Gengo

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Gengo
AI training data and translation services via crowdsourcing
IndustryTranslation
FoundedDecember 2008
FounderRobert Laing
Matthew Romaine
Headquarters
ServicesTranslation, API
Websitegengo.com
(Translation)
gengo.ai
(AI training data)

Gengo is a web-based human translation platform headquartered in Tokyo.[1]

History[edit]

Gengo was founded in 2008 by Matthew Romaine and Robert Laing. Prior to starting Gengo, Romaine was an audio research engineer and translator with Sony Corporation,[2] and Laing headed Moresided, a UK-based design agency. Romaine thought of the concept for Gengo due to his experience being asked to translate documents in Japanese and English at Sony, despite originally being hired as an engineer.[2][3] Prior to its early 2012 rebranding, the company was known as "myGengo."[4]

In April 2010, the company launched their API, allowing developers to integrate Gengo’s translation platform into third-party applications, web sites and widgets.[5][6]

Romaine initially served as CTO of the company. He replaced fellow co-founder Robert Laing as CEO in 2015.[7]

In early 2018, the company launched Gengo.ai, an on-demand platform that provides crowdsourced multilingual training data to machine learning developers. Examples of requests that can be submitted to the Gengo.ai platform include: chatbot training data, text categorization, data annotation, and machine translation quality evaluation.

Funding[edit]

The company's initial $750,000 seed investment round concluded in September 2010. Investors included Dave McClure of 500 Startups, last.fm founder Felix Miller, Delicious founder Joshua Schachter, Brian Nelson (CEO at Japan-based ValueCommerce), Pageflakes co-founder Christoph Janz, Benjamin Joffe (CEO at China-based Plus Eight Star), and a number of Japanese angel investors. This was followed by a further seed funding round of around $1,000,000 in mid-2011.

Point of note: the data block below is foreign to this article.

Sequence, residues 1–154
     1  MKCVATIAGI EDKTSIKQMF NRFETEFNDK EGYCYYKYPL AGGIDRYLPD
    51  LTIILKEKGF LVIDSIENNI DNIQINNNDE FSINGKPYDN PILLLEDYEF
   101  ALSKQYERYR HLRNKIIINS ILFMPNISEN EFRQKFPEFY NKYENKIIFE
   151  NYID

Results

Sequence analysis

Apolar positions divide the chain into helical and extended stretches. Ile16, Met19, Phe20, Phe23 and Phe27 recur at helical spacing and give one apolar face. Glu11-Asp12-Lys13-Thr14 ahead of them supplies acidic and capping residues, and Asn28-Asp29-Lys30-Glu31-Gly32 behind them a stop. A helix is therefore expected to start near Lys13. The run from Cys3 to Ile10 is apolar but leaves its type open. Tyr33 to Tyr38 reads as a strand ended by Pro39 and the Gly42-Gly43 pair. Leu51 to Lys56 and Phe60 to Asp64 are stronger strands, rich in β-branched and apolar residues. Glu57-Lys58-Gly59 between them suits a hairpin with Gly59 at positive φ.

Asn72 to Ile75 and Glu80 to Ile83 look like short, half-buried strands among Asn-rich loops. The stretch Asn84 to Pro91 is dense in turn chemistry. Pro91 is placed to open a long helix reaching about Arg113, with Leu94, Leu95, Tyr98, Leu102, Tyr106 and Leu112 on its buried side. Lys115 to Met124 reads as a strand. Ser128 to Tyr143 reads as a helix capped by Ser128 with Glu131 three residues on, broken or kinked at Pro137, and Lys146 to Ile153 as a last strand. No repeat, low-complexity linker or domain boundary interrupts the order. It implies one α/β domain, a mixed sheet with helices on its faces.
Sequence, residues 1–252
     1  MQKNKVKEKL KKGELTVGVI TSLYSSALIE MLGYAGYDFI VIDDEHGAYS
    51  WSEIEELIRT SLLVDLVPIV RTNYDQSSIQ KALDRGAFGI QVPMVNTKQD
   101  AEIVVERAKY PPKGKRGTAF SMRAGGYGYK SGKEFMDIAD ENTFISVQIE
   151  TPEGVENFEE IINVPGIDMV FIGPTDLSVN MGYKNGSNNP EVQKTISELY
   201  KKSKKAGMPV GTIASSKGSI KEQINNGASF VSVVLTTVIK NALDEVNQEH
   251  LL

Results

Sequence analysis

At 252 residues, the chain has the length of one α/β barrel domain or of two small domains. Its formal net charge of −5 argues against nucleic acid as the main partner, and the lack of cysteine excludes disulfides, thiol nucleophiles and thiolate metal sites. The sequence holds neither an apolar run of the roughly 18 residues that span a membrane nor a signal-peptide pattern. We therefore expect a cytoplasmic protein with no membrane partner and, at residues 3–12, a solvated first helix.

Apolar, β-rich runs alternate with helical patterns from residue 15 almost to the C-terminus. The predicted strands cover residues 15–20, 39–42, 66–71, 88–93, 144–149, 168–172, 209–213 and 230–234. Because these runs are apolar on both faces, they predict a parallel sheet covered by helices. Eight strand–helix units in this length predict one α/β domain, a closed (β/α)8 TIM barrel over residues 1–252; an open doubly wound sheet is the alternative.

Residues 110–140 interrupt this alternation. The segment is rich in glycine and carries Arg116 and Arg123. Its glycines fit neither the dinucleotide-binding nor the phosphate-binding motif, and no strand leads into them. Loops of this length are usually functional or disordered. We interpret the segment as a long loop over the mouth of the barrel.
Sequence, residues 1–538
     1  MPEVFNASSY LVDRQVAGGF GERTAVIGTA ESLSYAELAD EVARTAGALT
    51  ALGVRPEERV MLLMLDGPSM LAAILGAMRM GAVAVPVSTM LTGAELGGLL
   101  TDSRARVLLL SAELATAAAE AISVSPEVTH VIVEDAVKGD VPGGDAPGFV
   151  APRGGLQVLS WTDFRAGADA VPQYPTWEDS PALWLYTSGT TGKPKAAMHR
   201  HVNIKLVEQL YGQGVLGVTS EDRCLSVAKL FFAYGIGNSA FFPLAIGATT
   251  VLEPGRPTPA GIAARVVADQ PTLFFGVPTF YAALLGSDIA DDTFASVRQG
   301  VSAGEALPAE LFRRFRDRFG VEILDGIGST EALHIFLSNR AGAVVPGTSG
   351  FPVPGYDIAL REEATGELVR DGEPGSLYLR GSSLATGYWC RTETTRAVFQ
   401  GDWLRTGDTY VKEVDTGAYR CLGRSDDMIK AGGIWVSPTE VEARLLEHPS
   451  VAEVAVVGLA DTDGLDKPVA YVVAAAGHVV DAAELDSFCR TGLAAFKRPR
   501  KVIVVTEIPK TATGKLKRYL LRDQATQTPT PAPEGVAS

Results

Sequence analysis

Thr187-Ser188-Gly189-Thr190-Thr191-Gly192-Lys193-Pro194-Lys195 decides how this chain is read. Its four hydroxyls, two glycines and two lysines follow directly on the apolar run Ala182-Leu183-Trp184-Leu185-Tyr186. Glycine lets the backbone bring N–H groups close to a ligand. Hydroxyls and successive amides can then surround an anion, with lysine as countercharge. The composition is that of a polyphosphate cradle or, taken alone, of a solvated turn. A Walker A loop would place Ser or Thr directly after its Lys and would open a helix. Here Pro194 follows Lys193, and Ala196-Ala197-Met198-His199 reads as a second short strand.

A $5.25 million Series A round led by Atomico and joined by 500 Startups ended in September 2011,[8] followed by an early 2013 Series B investment of $12 million led by Intel Capital.[7]

The company announced its $5.4 million Series C round funding in April 2015.[7]

References[edit]

  1. ^ "Archived copy". Archived from the original on 2012-10-17. Retrieved 2012-09-26.CS1 maint: Archived copy as title (link) "My Gengo Offers Fast, Reliable (And Low Cost!) Language Translation," SF NewTech, October 18, 2010.
  2. ^ a b "Turning Japan's cultural barriers into a startup gold mine". Nikkei Asian Review. Retrieved 2018-06-21.
  3. ^ "Tech in Asia - Connecting Asia's startup ecosystem". www.techinasia.com. Retrieved 2018-06-21.
  4. ^ "Archived copy". Archived from the original on 2013-11-26. Retrieved 2013-10-07.CS1 maint: Archived copy as title (link)
  5. ^ "MyGengo Is Mechanical Turk For Translations". TechCrunch. Retrieved 2018-07-17.
  6. ^ "myGengo's New API Lets You Plug Human Translation Into Websites And Apps – TechCrunch". techcrunch.com. Retrieved 2018-05-03.
  7. ^ a b c "Crowdsourced Translation Startup Gengo Raises $5.4M And Changes Its CEO – TechCrunch". techcrunch.com. Retrieved 2018-04-05.
  8. ^ "Human Translation Platform myGengo Raises $5.25 Million From Atomico, 500 Startups – TechCrunch". techcrunch.com. Retrieved 2018-05-03.